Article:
“Share without Care – Problematic intelligence sharing arrangements”
Written by Group 1 (s2433494, s1543091, s1696939, s2351048, s2401541) for the Faculty of Governance and Global Affairs (FGGA) at the University of Leiden. Wordcount: 1782.
Since the attack on the World Trade Center in the United States (US) on September 11th 2001, intelligence sharing arrangements have proliferated among nations and organisations that consider themselves allied in the fight against terror (Manjikian, 2015). Such arrangements are often informal, created on an as-needed basis and generally not subject to guidelines or common codes of conduct (Manjikian, 2015). It is therefore hardly surprising that sometimes the intelligence obtained through such channels is used for activities that are considered problematic by the sourcing party.
This also affects the Netherlands, which is closely allied with other countries through a variety of memberships and alliances, such as the European Union, NATO and the United Nations. In 2014, following the leaks of classified documents by Edward Snowden, Dutch newspaper NRC Handelsblad published an article detailing how metadata, collected by Dutch intelligence services, and shared with their American counterparts, was used to facilitate American drone strikes in the Horn of Africa. This was controversial, to say the least, as the Netherlands had declared itself unwilling to participate in such activities.
In October 2019 the Dutch Intelligence Oversight Committee (CTIVD) published a report detailing multiple serious issues of a similar nature, in some cases in direct violation of Dutch law. We will dive deeper into the issues surrounding intelligence sharing, and why the Netherlands may find it problematic to stem the flow of information to allies.
Intelligence cooperation between the Netherlands and US
International intelligence cooperation and intelligence information sharing contributes to combat terror and common enemies (Manjikian, 2015). As Lefebvre (2003) says: “no one agency can do and know everything’’. In our current society, the sharing of information has become a common practice in our daily lives. This means that within the field of security, constant monitoring of threats has become the norm (Lefebvre, 2003). Such transnational intelligence cooperation requires legal adaptation. The sharing of intelligence information between countries is essential in effectively combating security challenges. Furthermore, as different services have different specialisations, costs and intelligence techniques can be shared (Lefebvre, 2003). In other words, intelligence cooperation can provide national security services with a more complete view of threats by sharing information and knowledge between them. While highlighting the positive parts, it is important to realise that intelligence cooperation can have negative consequences as well. Challenges to intelligence cooperation include having differing threat perceptions, various legal issues or assets being compromised (Lefebvre, 2003). Other challenges include issues with power distribution between partners, as well as poor human rights records of a liaison partner which calls for a good balance between protection of own citizens and combating common threats. Furthermore, sharing intelligence can have unintended consequences, which will be discussed later.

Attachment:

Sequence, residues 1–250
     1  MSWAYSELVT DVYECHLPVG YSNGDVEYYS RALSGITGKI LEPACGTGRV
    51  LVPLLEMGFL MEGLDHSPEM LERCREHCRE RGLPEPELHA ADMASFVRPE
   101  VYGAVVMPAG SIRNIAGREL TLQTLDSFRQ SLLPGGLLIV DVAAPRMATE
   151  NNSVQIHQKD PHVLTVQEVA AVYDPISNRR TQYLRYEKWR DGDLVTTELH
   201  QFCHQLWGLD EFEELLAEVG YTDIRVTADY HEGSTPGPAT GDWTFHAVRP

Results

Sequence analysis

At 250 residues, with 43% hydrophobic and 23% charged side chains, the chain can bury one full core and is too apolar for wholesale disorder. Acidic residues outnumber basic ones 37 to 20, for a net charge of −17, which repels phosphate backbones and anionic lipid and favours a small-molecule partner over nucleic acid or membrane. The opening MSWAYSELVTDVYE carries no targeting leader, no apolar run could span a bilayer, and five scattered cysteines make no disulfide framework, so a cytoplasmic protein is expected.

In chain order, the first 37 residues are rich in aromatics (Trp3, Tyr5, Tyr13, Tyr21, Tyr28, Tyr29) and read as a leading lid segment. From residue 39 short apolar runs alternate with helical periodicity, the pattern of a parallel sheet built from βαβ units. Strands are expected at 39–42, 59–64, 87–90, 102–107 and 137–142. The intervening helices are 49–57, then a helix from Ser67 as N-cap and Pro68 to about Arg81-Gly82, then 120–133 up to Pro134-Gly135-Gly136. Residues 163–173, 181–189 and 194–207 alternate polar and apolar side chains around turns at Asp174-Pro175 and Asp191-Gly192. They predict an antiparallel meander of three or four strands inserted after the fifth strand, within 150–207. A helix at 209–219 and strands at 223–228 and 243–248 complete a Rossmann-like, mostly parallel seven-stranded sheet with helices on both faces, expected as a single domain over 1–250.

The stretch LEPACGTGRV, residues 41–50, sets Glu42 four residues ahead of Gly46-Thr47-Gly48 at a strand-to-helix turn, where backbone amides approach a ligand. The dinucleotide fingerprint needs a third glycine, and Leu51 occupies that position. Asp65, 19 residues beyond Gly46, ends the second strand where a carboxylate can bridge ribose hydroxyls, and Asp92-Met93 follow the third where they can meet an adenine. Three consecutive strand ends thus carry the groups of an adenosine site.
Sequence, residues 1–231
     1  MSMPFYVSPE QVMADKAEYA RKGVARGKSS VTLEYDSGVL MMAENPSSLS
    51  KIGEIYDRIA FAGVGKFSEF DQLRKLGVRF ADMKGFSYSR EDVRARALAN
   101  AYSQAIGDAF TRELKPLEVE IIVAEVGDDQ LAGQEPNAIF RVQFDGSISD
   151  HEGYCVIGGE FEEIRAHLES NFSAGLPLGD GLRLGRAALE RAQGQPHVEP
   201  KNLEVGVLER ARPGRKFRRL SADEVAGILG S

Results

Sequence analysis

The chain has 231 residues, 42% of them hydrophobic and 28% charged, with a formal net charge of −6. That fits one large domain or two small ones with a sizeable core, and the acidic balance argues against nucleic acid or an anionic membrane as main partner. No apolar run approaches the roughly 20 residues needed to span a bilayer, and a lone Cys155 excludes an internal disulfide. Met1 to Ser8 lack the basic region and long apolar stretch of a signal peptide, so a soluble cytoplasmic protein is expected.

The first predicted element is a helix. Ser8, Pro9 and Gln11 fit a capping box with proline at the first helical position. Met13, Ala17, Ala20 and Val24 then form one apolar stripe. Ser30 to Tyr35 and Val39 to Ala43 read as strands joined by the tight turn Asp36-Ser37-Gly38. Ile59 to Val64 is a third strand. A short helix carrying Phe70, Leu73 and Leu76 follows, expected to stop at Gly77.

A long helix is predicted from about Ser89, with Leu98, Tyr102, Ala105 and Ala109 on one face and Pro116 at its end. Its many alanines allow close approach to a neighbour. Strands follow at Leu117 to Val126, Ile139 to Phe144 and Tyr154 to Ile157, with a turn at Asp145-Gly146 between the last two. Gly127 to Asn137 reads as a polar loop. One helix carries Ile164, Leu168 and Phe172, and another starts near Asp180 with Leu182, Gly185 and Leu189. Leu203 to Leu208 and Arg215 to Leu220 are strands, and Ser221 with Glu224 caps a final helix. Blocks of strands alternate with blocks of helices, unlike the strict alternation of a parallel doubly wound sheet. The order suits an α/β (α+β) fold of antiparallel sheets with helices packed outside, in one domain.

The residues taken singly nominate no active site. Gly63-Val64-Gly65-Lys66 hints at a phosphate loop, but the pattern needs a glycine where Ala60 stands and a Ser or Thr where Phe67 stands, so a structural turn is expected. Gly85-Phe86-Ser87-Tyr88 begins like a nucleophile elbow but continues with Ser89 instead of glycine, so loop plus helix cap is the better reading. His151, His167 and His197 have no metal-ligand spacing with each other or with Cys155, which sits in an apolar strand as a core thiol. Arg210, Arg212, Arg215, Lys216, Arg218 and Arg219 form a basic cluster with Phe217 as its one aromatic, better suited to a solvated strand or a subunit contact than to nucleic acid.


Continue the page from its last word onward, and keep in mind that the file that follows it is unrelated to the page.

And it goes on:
Drone attacks and ethical implications
The documents leaked by Edward Snowden show how intelligence cooperation and intelligence sharing takes place between the Netherlands and the US. These documents have shown that the Dutch intelligence services provided the National Security Agency (NSA) with meta-data containing telecommunications of Somalian citizens. Since 2011 US drone strikes have taken place in Somalia as part of their ‘War on Terror’ paradigm, while also making use of Dutch intelligence information to do this. This news led to commotion in the Netherlands regarding the specific role of the Dutch intelligence agencies and the knowledge of how this information is used. This was partly evoked because the Dutch government publicly opposes such strategies in their foreign policy outlines (Manjikian, 2015). This case shows the practical use of shared intelligence and its consequences. Questions arise on the level of (shared) responsibility as well as ethical considerations within intelligence cooperation practices. Thus, it is vital to consider the degree of complicity in security actions executed using shared intelligence.
Manjikian (2015) distinguishes three separate types of complicity. These can be distinguished into situations where:
- Party A induces or causes someone else to commit an offense;
- Party A helps the other person to commit the offense; and
- Party A fails to prevent another party from committing an offense when legally required to do so.
To reach any conclusion as to the level of complicity that applies, the following four factors: the problem of intent, the problem of power, the problem of choice, and the problem of identity should be considered.
Analysing Dutch complicity factors in the US drone strikes
Complicity can be weighed by considering to what degree (if any) the intelligence sharing relationship is burdened by the aforementioned four factors (Manjikian, 2015). The reports by Amnesty and CTIVD identify several issues in the US-Dutch intelligence cooperation when viewed from the Dutch perspective.
Problem of intent
When intelligence information is shared with another party (intelligence service agency) it is impossible to predict how that information will be used. This can lead to the “misuse of intelligence” (Manjikian, 2015). A related concern is the different approaches used by intelligence services during wartime and peacetime. Depending on the situation, certain actions will be justified differently. The missing aspect of legal guidance has implications for shared norms and values on how to use collected information.